`vec.Vector2.scaled_to_length(r)`

Returns a new `vec.Vector2`

object, equivalent to the original vector with its length set to `r`

.

`vec.Vector2.normalized()`

Returns a new `vec.Vector2`

object, equivalent to the original vector scaled to length 1.

`vec.Vector2.rotated(theta)`

Returns a new `vec.Vector2`

object, equal to the original vector rotated by `theta`

radians.

`vec.Vector2.dot(other)`

Returns the "dot product" `self`

• `other`

. This result is a scalar value, not a vector.

`vec.Vector2.cross(other)`

Returns the "cross product" `self`

⨯ `other`

. This result is a scalar value, not a vector.

*Note:* technically, there is no "cross product" defined for 2-dimensional vectors.
In actuality this returns the "perpendicular dot product", or "perp dot product",
of the two vectors, because that's what people actually want when they ask for the "cross
product" of two 2D vectors.

`vec.Vector2.polar()`

Returns a 2-tuple of `(self.r, self.theta)`

.

`vec.Vector2.lerp(other, ratio)`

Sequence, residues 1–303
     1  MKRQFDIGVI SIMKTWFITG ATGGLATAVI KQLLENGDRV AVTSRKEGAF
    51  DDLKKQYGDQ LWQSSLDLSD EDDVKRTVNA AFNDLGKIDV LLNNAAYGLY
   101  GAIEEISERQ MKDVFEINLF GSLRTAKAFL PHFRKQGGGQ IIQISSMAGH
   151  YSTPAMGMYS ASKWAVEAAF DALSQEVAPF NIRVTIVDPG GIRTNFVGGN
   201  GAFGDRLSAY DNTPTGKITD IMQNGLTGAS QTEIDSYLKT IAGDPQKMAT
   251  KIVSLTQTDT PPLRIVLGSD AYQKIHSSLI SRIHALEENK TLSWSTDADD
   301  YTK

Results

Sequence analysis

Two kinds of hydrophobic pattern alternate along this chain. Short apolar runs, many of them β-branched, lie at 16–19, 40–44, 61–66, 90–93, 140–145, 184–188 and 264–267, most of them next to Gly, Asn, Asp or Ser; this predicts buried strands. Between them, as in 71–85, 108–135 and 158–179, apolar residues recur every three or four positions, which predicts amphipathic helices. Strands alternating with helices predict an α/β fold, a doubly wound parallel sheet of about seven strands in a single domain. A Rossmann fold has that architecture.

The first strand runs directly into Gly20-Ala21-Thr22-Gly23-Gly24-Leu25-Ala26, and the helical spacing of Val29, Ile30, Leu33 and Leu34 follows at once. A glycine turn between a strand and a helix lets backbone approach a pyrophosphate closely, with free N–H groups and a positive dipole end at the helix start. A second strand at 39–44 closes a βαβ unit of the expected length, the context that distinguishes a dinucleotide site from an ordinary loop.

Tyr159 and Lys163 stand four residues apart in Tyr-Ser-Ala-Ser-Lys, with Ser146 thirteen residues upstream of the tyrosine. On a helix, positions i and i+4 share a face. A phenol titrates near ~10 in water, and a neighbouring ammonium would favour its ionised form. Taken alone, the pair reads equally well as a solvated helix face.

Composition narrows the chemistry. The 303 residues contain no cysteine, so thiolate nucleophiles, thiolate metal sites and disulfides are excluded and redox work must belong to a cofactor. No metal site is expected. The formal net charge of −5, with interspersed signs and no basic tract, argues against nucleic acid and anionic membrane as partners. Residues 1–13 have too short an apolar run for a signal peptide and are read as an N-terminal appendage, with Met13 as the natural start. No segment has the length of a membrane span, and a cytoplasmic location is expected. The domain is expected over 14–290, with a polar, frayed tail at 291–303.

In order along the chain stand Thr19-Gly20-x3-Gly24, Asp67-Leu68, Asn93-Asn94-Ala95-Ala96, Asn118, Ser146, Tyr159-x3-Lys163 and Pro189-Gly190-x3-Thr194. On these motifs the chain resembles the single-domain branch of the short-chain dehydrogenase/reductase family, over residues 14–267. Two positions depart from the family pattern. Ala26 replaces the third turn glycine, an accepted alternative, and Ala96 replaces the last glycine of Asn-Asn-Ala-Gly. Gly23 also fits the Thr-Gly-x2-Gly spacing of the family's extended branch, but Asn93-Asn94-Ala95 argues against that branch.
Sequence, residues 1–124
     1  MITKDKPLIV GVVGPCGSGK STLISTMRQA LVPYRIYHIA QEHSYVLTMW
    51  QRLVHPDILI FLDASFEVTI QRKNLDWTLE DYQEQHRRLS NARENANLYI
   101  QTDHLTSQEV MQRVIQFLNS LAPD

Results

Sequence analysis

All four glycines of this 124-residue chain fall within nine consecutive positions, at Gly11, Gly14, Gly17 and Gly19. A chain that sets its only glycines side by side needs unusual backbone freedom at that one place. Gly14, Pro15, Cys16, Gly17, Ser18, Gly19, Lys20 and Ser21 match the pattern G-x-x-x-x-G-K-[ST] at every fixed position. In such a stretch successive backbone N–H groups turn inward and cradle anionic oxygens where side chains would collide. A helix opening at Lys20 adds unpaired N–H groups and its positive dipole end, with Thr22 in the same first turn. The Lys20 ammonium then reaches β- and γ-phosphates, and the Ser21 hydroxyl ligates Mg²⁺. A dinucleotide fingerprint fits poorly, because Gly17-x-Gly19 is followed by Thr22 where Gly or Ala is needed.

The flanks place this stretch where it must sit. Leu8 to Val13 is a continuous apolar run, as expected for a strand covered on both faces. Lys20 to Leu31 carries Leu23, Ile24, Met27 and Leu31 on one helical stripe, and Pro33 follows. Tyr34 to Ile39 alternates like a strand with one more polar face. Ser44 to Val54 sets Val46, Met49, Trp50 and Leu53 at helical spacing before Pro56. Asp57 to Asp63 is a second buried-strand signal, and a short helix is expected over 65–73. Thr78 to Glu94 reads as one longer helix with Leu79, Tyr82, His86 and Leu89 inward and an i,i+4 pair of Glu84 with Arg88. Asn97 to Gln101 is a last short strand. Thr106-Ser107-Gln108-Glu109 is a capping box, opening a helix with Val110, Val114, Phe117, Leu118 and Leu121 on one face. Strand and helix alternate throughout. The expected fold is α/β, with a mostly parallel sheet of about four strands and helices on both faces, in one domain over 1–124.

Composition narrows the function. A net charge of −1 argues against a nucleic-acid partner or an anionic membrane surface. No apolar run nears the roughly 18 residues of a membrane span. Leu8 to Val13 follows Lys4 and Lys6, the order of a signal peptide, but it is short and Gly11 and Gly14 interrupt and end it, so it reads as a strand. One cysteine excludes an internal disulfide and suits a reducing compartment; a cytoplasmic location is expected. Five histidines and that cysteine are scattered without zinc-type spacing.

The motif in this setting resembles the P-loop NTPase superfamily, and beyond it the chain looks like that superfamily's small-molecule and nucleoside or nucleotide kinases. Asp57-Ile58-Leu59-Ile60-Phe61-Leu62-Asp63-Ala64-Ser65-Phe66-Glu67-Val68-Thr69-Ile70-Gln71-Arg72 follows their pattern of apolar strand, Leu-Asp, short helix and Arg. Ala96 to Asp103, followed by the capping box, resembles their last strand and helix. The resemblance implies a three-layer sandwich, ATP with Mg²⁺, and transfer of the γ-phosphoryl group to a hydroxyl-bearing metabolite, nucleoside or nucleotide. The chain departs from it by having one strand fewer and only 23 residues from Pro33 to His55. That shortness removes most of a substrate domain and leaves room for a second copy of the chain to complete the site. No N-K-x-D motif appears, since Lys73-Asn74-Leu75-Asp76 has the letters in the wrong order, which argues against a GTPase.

Returns a vector representing a linear interpolation between `self`

and `other`

, according
to the scalar ratio `ratio`

. `ratio`

should be a value between (and including) `0`

and `1`

.
If `ratio`

is `0`

, this returns `self`

. If `ratio`

is `1`

, this returns `other`

.
If `ratio`

is `0.4`

, this returns `(self * 0.6) + (other * 0.4)`

.

`vec.vector2_zero`

The immutable, eternal "zero" `vec.Vector2`

vector object.
`vec`

guarantees that every zero vector is a reference to this object:

```
>>> v = vec.Vector2(0, 0)
>>> v is vec.vector2_zero
True
```

Mathematically-speaking, the zero vector when expressed in polar coordinates
doesn't have a defined angle. Therefore `vec`

defines its zero vector as
having an angle of `None`

.